A biography of Rene Girard.
Madeleine Albright believes now is the proper time to warn against Fascism.
Medieval Latin lives of Muhammad.
John McCarthy’s articles on his proposed “neo-patristic” method of biblical interpretation, all collected between covers.
The Oxford Dictionary of Late Antiquity.
Fr. Fahey’s biggest book, reprinted.
J.C.D. Clark’s new book on Thomas Paine.
Another Agamben translation.
What is Grand Strategy?
Ambrose Bierce’s brief introduction to his translation of the hymn:
A recent republication of the late Gen. John A. Dix’s disappointing translation of this famous medieval hymn, together with some researches into its history which I happened to be making at the time, induces me to undertake a translation myself. It may seem presumption in me to attempt that which so many eminent scholars of so many generations have attempted before me; but the conspicuous failure of others encourages me to hope that success, being still unachieved, is still achievable. The fault of previous translations, from Lord Macaulay’s to that of Gen. Dix, has been, I venture to think, a too strict literalness, whereby the delicate irony and subtle humor of the immortal poem—though doubtless these admirable qualities were well appreciated by the translators—have been utterly sacrificed in the result. In none of the English versions that I have examined is more than a trace of the mocking spirit of insincerity pervading the whole prayer,—the cool effrontery of the suppliant in enumerating his demerits, his serenely illogical demands of salvation in spite, or rather because, of them, his meek submission to the punishment of others, and the many similarly pleasing characteristics of this amusing work, being most imperfectly conveyed. By permitting myself a reasonable freedom of rendering—in many cases boldly supplying that “missing link” between the sublime and the ridiculous which the author, writing for the acute monkish apprehension of the 13th century, did not deem it necessary to insert—I have hoped at least partially to liberate the lurking devil of humor from his fetters, letting him caper, not, certainly, as he does in the Latin, but as he probably would have done had his creator written in English. In preserving the metre and double rhymes of the original, I have acted from the same reverent regard for the music with which, in the liturgy of the Church, the verses have become inseparably wedded that inspired Gen. Dix; seeking rather to surmount the obstacles to success by honest effort, than to avoid them by the adoption of an easier versification which would have deprived my version of all utility in religious service.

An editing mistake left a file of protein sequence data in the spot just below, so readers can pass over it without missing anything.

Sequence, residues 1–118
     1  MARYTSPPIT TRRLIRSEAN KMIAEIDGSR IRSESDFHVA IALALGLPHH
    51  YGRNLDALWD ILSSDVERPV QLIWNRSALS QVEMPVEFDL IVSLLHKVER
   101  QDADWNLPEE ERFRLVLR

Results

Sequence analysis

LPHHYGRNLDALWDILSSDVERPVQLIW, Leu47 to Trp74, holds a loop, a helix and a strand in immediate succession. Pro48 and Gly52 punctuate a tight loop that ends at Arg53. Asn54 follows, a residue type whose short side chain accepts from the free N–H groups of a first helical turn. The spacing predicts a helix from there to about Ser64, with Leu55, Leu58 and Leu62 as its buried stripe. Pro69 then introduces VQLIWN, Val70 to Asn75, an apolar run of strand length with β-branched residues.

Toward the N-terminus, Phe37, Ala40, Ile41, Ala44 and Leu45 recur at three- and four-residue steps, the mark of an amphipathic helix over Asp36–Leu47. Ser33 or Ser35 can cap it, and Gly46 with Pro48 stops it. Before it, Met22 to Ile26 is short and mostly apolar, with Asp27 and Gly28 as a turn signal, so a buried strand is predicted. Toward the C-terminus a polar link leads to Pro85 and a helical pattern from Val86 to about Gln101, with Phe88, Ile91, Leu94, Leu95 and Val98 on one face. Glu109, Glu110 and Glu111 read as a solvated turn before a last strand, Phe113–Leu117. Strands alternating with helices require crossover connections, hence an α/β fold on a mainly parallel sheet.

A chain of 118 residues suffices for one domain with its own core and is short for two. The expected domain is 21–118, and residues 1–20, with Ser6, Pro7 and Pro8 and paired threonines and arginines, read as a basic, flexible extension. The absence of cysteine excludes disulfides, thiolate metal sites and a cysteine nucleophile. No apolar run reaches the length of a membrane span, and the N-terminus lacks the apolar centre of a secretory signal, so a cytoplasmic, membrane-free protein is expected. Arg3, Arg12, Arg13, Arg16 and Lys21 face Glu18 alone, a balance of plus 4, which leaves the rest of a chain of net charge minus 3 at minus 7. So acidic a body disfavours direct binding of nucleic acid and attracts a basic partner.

I must bespeak the reader’s charitable consideration in respect of the first stanza, the insuperable difficulties of which seem to have been purposely contrived in order to warn off trespassers at the very boundary of the alluring domain. I have got over the inhibition—somehow—but David and the Sibyl must try to forgive me if they find themselves represented merely by the names of those conspicuous personal qualities to which they probably owed, respectively, their powers of prophecy, as Samson’s strength lay in his hair.